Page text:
Bad Movies Done Right — The Exorcist: The Beginning

Every day Robert Saucedo shines a spotlight on a movie either so bad it’s good or just downright terrible. Today: The Devil made me do it.

The Exorcist: The Beginning, the prequel to 1973’s groundbreaking horror film The Exorcist, was damned from the beginning.

The original director, John Frankenheimer, dropped out of making the film due to health complications that ultimately led to his death. His replacement, Paul Schrader, was fired from the film after he had finished shooting because the studio demanded a bloodier movie instead of the psychological thriller Schrader turned in. Renny Harlin was then brought in as replacement director to punch the film up a bit. Instead, he reshot close to 90 percent of the original movie.

It’s no surprise, then, that The Exorcist: The Beginning is one large and clumsy steaming pile of celluloid crap. Owing more in common to the Schwarzenegger shoot-‘em-up Satan flick End of Days then the original Exorcist, The Beginning relies on blood and guts where its predecessor wisely chose to utilize mood and atmosphere.

What made the original Exorcist so darn scary was its use of supernatural horror in an everyday setting. By setting the movie in a typical suburban dwelling, audiences were slowly led down a dark path of terror at a nerve clenching pace.

With Exorcist: The Beginning audiences are instead instantly thrown into a world the average theatre visitor knows nothing about: East Africa.

This change in location does not instantly mark a bad movie; it simply made the job harder for the filmmaker — a challenge that Harlin was not able to meet.

Taking place in the Turkana region of Kenya, Exorcist: The Beginning reveals the story of Father Merrin, the elder exorcist character from the original film, and his first encounter with Captain Howdy, the naughty little demon that has a penchant for possessing little children.

Lankester Merrin, played by Stellan Skarsgård in the lone quality performance of the movie, has shed his priesthood after a crisis of faith. Called upon to lead an archeological dig, Merrin discovers a Byzantine church where one should not be.

Ignoring any nagging bit of common sense, Merrin and his crew disturb a tomb that had been buried for some reason and, in the process, awaken an evil that proceeds to systematically lay waste to the neighboring village.

The first film was notorious for its use of a slug like pace in atmosphere that finally paid off in a whopper of an ending. At first, its prequel attempts to create a similar kind of pace, but it quickly looses patience with atmosphere and mood and instead settles on scaring the audiences with clumsy computer graphics and cheap scares.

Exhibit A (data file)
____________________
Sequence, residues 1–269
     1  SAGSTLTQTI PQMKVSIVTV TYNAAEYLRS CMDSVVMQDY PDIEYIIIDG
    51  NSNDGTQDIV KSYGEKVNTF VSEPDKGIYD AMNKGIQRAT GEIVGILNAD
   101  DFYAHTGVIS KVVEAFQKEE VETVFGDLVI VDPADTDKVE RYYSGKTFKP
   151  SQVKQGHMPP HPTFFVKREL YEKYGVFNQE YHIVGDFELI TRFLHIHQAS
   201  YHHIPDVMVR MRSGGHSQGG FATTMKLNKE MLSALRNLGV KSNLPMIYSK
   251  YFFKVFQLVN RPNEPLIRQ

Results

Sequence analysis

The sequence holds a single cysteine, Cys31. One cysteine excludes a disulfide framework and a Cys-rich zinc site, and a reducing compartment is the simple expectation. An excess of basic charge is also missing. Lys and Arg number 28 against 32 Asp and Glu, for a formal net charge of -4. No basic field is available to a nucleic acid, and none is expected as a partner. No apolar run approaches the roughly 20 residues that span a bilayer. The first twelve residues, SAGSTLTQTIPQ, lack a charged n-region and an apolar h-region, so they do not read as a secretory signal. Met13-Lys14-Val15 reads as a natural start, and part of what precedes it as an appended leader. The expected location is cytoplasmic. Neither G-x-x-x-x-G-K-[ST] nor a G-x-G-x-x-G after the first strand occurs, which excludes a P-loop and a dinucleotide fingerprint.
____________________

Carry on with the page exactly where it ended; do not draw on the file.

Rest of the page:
Audiences may jump in their seats when hideously rendered CGI hyenas ravage a small child in a gory scene that would make Eli Roth blush, but audiences would also jump out of their seats if a balloon was popped in their face.

Exorcist: The Beginning relies too much on the usage of unnecessary violence and loud noises to frighten audiences and this unfortunately leaves the movie with a hollow taste.

It’s hard to take any movie seriously when the protagonist demands on following a strict regime to Hollywood’s cliché horror rules.

1.) If you have to dig in a graveyard or enter a deserted tomb, make sure you do it at night.

2.) Extreme close-ups of the decent demonic make-up jobs will convince audiences that bad pores are scary.

3.) Introduce a cute monkey for a pet and then feed it to hyenas on steroids.

Exorcist: The Beginning is a connect-the-dot horror movie that does not deserve to ride the coat tails of its classic predecessor.

The cast, minus Skarsgård who turns in a wonderfully nuanced performance, seems to be comprised of escapees from a made-for-TV melodrama. Additionally, the use of bright colors successfully manages to defuse any atmosphere the director may have been attempting to create. The computer graphics are completely pointless and clumsily executed. Some usage of unsettling angles and haunting score help the movie in some regards, but unfortunately it’s too little, too late.

Audiences who enjoy run-of-the-mill schlock will probably get a mild kick out of this phone-in excuse for a prequel, but audiences seeking a little meat with their blood will come out empty handed and slightly angry with this dumbed-down flick that very well might have been the work of Satan.

For the record, Robert Saucedo didn’t think Dominion: Prequel to The Exorcist was much better. Follow him on Twitter @robsaucedo2500.

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